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Why Late Nights Are Harmful to Your Immune System

Shift work, jet lag and even late nights staring at your smartphone or tablet might be making you sick. This is because the body’s internal clock is set for 12-hour periods of light and darkness. When the rhythm is thrown off, so will be your immune system. According to a new study, one of reasons for the above issue is that the genes that set the body clock are intimately linked to certain immune cells.

This finding was “a happy accident”, said Lora Hooper, an immunologist from the University of Texas Southwestern Medical Center at Dallas. She and co-workers were conducting research on NFIL3, a protein that can guide the development of certain immune cells and turn on activities of others. It is found that the gene for this protein is mutated in some human patients who suffer inflammatory bowel disease. In addition, the team found that in mice lacking the gene for NFIL3, there were more so-called TH17 cells in their intestines.

These cells are a kind of immune cells that are known as a T cell. Their name comes from a signal they produce, called interleukin 17, which informs other T cells to enhance the immune response.  At normal level, TH17 cells that live in the intestines can help the body fight against bacterial and fungal infections. However, when there are too many of them, the immune defense starts to cause illness instead of preventing it. The researchers also noted that boosting NFIL3 levels in T cells grown in lab could decrease the amount of them turning into TH17 cells, suggesting that the protein’s task is to prevent T cells from going into that area of specialization.  The researchers concluded that the absence of the protein would lead to runaway TH17 activity.

 Time is everything. When the body clock is disrupted, inflection-fighting TH17 cells in the intestine cause diseases. *Image source: Xiaofei Yu, Shipra Vaishnava and Yuhao Wang

At this point, the team had no reason to suspect a connection to the body’s internal timekeeping system—also known as circadian clock, which responds to daily light and dark cycles. However, as they further explored the connection between NFIL3 and TH17 cells, it was found that some of the proteins produced by the body’s “clock genes” attach to the NFIL3 genes. In addition, cultured cells and mice whose clock genes were tampered experimentally with generated fewer TH17 cells. Thus, the team surmise that one key protein in the clock network binds to the NFIL3 gene to maintain the production of TH17 cells in synchronization with periods of light and darkness. The researchers discovered that normal mice produce less NFIL3 and therefore more TH17 cells during the day than at night.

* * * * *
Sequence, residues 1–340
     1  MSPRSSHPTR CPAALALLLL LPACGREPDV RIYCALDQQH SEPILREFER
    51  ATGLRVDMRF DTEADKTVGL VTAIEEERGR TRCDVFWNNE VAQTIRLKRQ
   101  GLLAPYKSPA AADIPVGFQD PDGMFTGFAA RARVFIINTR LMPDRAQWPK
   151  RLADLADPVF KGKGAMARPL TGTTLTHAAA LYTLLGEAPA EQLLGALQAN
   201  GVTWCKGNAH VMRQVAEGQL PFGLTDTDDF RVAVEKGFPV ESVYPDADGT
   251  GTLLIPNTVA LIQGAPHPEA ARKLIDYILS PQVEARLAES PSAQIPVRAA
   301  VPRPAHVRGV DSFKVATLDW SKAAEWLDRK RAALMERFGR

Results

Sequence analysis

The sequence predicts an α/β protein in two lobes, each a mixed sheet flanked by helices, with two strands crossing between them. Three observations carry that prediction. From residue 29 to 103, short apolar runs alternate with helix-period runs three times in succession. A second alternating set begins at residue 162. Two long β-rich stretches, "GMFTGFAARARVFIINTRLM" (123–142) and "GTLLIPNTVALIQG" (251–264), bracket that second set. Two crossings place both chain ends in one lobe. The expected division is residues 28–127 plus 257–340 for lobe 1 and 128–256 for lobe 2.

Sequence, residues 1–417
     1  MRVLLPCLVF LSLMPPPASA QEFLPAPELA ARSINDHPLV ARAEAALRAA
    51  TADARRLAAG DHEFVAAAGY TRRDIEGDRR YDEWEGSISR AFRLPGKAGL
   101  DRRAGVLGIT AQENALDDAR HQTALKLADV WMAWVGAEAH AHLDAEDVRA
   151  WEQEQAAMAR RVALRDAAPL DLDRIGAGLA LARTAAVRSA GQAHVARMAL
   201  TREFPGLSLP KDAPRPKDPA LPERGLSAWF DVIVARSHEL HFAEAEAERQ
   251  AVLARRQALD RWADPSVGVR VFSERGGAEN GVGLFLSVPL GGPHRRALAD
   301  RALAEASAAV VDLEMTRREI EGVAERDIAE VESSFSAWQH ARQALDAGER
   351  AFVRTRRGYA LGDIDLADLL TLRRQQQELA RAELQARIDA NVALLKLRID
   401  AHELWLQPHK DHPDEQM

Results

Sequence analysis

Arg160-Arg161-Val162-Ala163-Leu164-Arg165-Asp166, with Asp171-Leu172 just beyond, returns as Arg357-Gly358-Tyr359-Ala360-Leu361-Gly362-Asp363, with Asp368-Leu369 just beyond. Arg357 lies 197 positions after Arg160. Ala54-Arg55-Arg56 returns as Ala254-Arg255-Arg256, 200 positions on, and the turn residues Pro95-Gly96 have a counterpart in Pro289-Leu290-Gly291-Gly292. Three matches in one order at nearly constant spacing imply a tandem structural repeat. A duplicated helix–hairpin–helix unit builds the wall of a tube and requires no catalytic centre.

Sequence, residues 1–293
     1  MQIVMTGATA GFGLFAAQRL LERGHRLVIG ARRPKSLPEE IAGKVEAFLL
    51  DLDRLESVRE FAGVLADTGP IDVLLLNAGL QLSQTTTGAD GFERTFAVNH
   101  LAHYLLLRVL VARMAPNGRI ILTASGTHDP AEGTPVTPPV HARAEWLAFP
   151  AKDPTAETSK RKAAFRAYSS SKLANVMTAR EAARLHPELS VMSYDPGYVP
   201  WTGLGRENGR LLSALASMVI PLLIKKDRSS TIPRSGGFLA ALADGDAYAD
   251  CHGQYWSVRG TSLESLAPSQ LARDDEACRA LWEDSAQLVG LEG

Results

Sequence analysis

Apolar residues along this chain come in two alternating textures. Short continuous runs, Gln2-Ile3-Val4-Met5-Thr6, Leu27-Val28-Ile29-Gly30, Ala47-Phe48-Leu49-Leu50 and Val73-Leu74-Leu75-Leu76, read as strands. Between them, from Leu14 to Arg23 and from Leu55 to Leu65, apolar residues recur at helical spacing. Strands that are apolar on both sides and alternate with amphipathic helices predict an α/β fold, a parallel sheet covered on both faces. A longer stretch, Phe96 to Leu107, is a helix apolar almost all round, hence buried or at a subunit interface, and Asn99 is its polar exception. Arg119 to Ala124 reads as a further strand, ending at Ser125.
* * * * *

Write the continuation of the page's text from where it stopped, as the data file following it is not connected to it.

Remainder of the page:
In the final experiment, the researchers applied jet lad on the mice. “We didn’t fly them anywhere,” Jokes Hooper. Instead, the researchers shifted the rodent’s light/dark cycles by 6 hours every 4 days. “It would be like flying from the States to Europe, India and Japan and spending 4 days in each country,” she explains. Comparing with mice having a normal day, mice with altered light cycles had nearly twice the amount of TH17 cells in their spleens and intestines and the team has reported these new findings online in Science. Those jet-lagged mice also mounted a stronger inflammatory response to experimental chemical-induced irritation—a test utilized to gauge immune-system sensitivity that hints the animals might be more prone to inflammatory disease.

These new findings add to a growing body of research showing that a healthy pattern of light and dark, sleeping and waking, is vital to maintain the immune system in perfect balance, says Hooper. She also notes that inflammation is the basis of a lot of chronic disorders like asthma, heart disease, chronic pain and many things ending in “-itis” such as dermatitis and bursitis. In developed countries, inflammatory conditions are more prevalent since people’s circadian rhythms are disrupted chronically. Even people who don’t have to work shifts or go across time zones still sleep and wake out of sync with light and darkness, says Hooper. “We all have screwed up light/dark cycles. We stay up late, keeps lights on, loot at our lit-up iPhones at 2 a.m.”

Immunologist Dan Littman at New York University finds the results in cultured cells convincing. He cautions, though, that the neatly defined pathway from clock gene to Th17 suppression may not be so tidy in living animals. “Even if NFIL3 is involved in the way they show, circadian disruption has influence on many other things.” He explains that stress hormones, gut bacteria and the actions of other types of T cells might also be taken into consideration for the effects of the experimental jet lag. Littman notes further that the increased inflammation in the jet-lagged animals was a response to an irritation induced by chemical, and more research should be done to prove a connection to inflammatory or autoimmune disease.

Hooper agrees that the current study is probably the tip of the iceberg and further research will yield deepening insight into the correlation between immune cells and circadian rhythms. She also hopes to work with other researchers to determine if TH17 cells are increased in humans with altered light/dark cycles chronically. For now, she tries to maintain her own sleeping patters more aligned with nature, starting by limiting exposure to artificial light at night. “I switch off the lights, I draw the curtains, and I keep my iPhone off.”

Source: News.sciencemag.org